As Philadelphia city officials grapple with a massive budget shortfall in the city school system, one City Councilman wants to sue the state government, but Mayor Nutter seems inclined to raise taxes.
The hectic struggle to cope with a school funding problem is anything but new.
Order a drink at a Philadelphia restaurant, and you pay an extra ten percent for the city schools, one of many taxes and subsides enacting over the years in times of funding crisis.The school system is the city’s perpetually hungry child. Some regard it as a profligate spender, others a victim of neglect. But it’s very hungry this year.
The district says it faces a $629 million shortfall for the coming budget year, and school superintendent Arlene Ackerman wants the city to provide up to a hundred ten million dollars. Without that, she warns, she might have to eliminate all day kindergarten, school transportation, and other programs.
Speaking to a receptive crowd at a church rally in West Philadelphia Thursday, Ackerman said they need to prod their elected leaders to act quickly.
“It is time now for our politicians, our City Council, for Harrisburg, to stand up for our children,” she said, “and if they’re weak, we’re going to have to help them up, that’s what’s gong to have to happen.”Nutter wants to help, but hasn’t uttered the T-word – taxes – in part because he and council have already raised sales and property taxes to cope with the city’s financial problems.But it’s clear enough from signals he’s sent that Nutter thinks a tax hike will be needed. Six Council members are leaving at the end of this year, and they wouldn’t pay a political price for voting to raise taxes. But there’s little sign they’re ready to do that.
“I don’t want to leave this Council and be part of the team that raised taxes,” said Republican Councilman Frank Rizzo yesterday. “I want to be remembered as a person who tried to do everything humanly possible to avoid a tax increase.”It’s an opinion widely shared in Council. Members complain about school leaders’ priorities, and their ritual threats to cut critical programs. One likely reason Nutter hasn’t publicly asked for a tax hike is that his past revenue-raising ideas, like soda taxes and trash fees were rejected by Council. So he’d like to see them take the initiative.Instead, Councilman Darrell Clarke has taken a page from New Jersey, where the State Supreme Court just ordered Governor Chris Christie to add an extra 500 million dollars in school funding. Clark wants to sue the state of Pennsylvania on the grounds it is under-funding poor school districts. “It’s clear and it’s been documented on numerous occasions, it’s just that we’ve not gone the next level beyond just simply complaining about it,” Clarke said, “and I think it’s time for us to do something about it.”A lawsuit would take years, and it’s been tried before. A Philadelphia suit in the late 90s’s never secured the funding it sought.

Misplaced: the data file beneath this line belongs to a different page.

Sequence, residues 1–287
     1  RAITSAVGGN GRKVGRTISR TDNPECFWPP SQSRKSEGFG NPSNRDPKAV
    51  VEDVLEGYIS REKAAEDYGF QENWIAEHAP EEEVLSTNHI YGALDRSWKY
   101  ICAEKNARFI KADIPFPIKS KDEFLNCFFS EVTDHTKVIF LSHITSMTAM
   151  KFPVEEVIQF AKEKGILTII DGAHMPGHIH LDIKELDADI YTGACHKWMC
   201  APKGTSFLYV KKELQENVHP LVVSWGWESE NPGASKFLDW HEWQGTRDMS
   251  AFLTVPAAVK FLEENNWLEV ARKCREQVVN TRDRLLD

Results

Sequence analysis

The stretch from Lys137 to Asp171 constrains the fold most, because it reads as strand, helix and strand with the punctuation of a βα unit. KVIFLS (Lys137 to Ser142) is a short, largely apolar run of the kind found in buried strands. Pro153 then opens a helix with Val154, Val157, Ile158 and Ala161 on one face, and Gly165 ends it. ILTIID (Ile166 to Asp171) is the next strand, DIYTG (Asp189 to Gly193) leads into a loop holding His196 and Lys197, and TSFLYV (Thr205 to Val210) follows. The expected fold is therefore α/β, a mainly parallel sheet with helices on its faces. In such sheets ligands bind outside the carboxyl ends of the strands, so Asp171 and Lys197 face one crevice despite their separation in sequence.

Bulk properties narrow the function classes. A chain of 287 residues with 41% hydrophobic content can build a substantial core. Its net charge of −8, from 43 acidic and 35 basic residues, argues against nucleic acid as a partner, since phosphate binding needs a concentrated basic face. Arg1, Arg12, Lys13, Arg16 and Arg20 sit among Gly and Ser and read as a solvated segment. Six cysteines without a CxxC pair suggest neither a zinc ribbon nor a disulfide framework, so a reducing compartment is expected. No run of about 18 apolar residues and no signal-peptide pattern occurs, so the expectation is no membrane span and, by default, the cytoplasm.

Philadelphia legislators hoping for more state funds believe they won’t get them unless the city steps up with some fresh cash.
Speaking at the west Philadelphia church rally, Nutter challenged Council members to act.”You’re either going to fund this school system or you’re not, but you’re not just gonna keep talking about it and not do anything about it!” he shouted. “It doesn’t work that way. Don’t stand for that, don’t take that – from anybody!”Speaking afterward, Nutter said he and council have to figure out a course of action over the next two weeks.